Apprehension about a visit to the doctor is something we all face, no matter our age or health. Who among us doesn’t get a little nervous before our annual visit, knowing we might face a difficult conversation about losing weight, or flossing more, or stopping smoking? These are things we all know, but have a hard time talking about.
And even worse, if we do have these important conversations, they can lead to feelings of shame and disappointment.
But the reality is that it’s not necessarily your doctor’s fault. Even with the hundreds of thousands of hours of education your doctor gets in classrooms and hospitals, most receive little to no training in how to talk to patients about making healthy choices. In fact, fewer than 30 percent of medical schools meet the minimum number of hours of education in nutrition and exercise recommended by the National Academy of Sciences, Engineering and Medicine.
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Jun 1, 2016, 12:30 PM, Posted by
Katherine Hempstead, Victoria Brown
Innovative approaches in health insurance can help support youth development and prevent chronic diseases.
While research shows that access to safe neighborhood spaces for physical activity along with affordable healthy foods help families and kids maintain a healthy weight, it’s often not enough.
Health care economist Mike Bertaut illustrated this reality through a deeply personal and passionate post last month. He opened up about his lifelong struggle with obesity and shared some important lessons about how the health care sector can help children maintain a healthy weight. It’s a moving piece worth reading.
As Mike shows us, health care providers—and health insurers—have a critical role to play, especially for children and families at highest risk for obesity and obesity-related disease.
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Apr 5, 2016, 11:00 AM, Posted by
We want all kids to enter kindergarten at a healthy weight. And we believe it’s possible within the decade.
Pregnancy through early childhood forms a critical window of opportunity for ensuring children get a healthy start to life.
In March, our program Healthy Eating Research published the most comprehensive examination to date of factors that can increase a child’s risk for obesity early in life. It shows that women who weigh more before they get pregnant, gain excess weight during pregnancy, or use tobacco while pregnant, are more likely to have children who become overweight or obese.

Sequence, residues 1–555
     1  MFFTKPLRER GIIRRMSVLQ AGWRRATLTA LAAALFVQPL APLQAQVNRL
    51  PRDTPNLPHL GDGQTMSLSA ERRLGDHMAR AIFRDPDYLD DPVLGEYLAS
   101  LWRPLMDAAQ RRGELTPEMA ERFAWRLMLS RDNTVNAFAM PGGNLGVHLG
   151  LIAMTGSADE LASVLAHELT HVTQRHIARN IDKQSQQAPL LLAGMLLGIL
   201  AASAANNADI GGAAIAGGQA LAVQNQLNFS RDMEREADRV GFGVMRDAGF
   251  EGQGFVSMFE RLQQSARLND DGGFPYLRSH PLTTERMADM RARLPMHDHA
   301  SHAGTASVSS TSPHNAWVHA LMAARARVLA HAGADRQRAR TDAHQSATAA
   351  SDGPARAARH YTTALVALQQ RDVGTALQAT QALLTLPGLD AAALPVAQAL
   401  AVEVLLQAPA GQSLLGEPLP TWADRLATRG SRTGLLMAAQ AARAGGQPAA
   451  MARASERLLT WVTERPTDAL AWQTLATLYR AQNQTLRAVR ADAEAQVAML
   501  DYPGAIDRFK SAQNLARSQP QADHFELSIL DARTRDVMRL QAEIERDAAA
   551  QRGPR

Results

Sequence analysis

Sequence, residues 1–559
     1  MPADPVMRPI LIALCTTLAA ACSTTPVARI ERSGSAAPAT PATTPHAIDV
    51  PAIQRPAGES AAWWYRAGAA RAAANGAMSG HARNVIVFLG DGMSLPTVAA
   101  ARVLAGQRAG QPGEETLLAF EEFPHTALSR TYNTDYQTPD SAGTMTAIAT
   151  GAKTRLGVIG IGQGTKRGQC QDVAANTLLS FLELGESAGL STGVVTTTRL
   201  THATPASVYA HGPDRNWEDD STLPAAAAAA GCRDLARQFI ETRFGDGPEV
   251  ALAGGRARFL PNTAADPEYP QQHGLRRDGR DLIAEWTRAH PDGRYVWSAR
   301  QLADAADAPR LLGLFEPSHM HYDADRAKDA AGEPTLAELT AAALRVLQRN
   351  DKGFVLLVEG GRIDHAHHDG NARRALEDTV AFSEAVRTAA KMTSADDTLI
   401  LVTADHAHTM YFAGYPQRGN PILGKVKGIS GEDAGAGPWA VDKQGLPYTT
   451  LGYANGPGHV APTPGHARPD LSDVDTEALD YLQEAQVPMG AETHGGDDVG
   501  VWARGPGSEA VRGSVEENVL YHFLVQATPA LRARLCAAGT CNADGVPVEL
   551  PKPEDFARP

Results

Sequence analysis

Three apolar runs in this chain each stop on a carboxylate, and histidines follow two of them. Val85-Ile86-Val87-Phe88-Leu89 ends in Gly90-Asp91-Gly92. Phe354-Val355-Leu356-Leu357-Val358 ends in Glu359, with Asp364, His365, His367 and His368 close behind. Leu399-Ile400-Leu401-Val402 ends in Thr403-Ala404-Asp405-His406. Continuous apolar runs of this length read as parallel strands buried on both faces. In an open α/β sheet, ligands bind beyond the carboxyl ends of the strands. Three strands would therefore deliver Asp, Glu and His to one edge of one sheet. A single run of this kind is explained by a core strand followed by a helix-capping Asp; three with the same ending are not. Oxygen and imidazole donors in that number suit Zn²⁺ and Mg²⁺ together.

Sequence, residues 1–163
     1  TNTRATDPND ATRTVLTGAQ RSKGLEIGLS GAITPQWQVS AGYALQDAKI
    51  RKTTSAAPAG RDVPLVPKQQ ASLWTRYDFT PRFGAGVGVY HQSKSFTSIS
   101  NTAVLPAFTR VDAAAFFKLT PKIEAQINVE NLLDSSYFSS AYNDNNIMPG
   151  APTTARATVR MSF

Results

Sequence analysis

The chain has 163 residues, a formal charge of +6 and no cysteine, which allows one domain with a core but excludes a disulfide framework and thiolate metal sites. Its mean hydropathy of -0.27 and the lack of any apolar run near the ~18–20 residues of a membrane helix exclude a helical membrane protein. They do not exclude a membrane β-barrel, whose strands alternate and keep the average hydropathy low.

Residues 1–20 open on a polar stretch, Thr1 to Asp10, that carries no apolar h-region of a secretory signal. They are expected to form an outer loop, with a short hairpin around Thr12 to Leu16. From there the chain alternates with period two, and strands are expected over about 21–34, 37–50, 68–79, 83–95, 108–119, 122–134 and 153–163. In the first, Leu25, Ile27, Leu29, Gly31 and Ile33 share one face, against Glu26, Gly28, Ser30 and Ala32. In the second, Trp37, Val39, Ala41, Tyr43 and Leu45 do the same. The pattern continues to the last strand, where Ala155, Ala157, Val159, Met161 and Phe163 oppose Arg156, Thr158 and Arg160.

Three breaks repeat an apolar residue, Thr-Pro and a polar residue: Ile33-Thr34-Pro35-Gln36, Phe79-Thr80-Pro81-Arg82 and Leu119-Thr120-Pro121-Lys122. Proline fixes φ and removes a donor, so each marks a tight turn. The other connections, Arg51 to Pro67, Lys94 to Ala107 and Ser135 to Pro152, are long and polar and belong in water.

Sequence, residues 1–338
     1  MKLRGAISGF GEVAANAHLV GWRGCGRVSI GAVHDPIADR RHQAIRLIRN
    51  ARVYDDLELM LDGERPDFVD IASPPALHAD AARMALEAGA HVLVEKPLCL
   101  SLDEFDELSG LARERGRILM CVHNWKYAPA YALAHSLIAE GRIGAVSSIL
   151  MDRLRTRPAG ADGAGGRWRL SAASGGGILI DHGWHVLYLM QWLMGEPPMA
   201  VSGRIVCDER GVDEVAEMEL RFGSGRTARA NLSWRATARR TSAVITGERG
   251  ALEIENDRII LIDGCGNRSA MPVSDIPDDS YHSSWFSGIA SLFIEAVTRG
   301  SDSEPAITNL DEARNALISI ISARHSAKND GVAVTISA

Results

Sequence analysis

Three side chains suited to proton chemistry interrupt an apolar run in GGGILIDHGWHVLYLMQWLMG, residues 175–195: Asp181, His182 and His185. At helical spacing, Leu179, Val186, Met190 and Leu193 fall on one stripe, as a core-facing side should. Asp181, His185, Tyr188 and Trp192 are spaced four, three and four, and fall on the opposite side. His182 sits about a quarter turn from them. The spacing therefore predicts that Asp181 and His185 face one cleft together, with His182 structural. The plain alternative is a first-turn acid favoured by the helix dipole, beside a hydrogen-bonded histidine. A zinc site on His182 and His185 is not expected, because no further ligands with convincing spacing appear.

There are a variety of factors beyond prenatal health that also influence a child’s weight. Children form their taste preferences early in life, which is why it’s so important to ensure that they have access to a variety of fruits, vegetables and whole grains―right when they begin eating solid foods. Play and physical activity are also essential for optimal development. And there’s no reason for young children to drink sugary drinks—milk and water are best. All of these habits, if learned in early childhood, can last a lifetime.
The good news is the country as a whole is making progress in helping more kids start life at a healthy weight: Obesity rates among kids ages 2 to 5 have gone down in recent years.
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Mar 9, 2016, 9:00 AM, Posted by
Tina Kauh, Victoria Brown
Healthy Eating Research expands its commitment to equity through a new funding opportunity that reserves awards for innovative studies focused on rural, American Indian and Asian/Pacific Islander populations.
The students at Native American Community Academy, a member of the Alliance for a Healthier Generation’s Healthy Schools Program, believed their school should serve healthy lunches that incorporated foods indigenous to the Navajo culture. So, they set out to turn their idea into a reality.
The students had an ultimate goal in mind: convince their principal to hire a company that would provide these healthier, more traditional meals. But, first, they had to prove that this type of food service could be done.
They started with the basics. With a budget of no more than $2 per person, students headed to a local grocery store and purchased ingredients for a meal they would prepare on their own and serve to their teachers and administrators to demonstrate that offering healthy Native American food at school is both feasible and affordable.
Their menu for the day: vegetarian chili with beans, blue corn meal mush (a traditional Navajo dish), an organic fruit cup and a dish they called the “Beez Kneez,” which had squash, corn, green chili, garlic and onions. The meal received rave reviews. Not only did the principal agree to find a new food service company, she put the students in charge of the task.
This is just one of many stories that reinforce the important role schools play in teaching kids about nutrition and offering healthy meals, snacks and drinks. Among kids in underserved communities (like the students at Native American Community Academy), the role of schools is especially critical.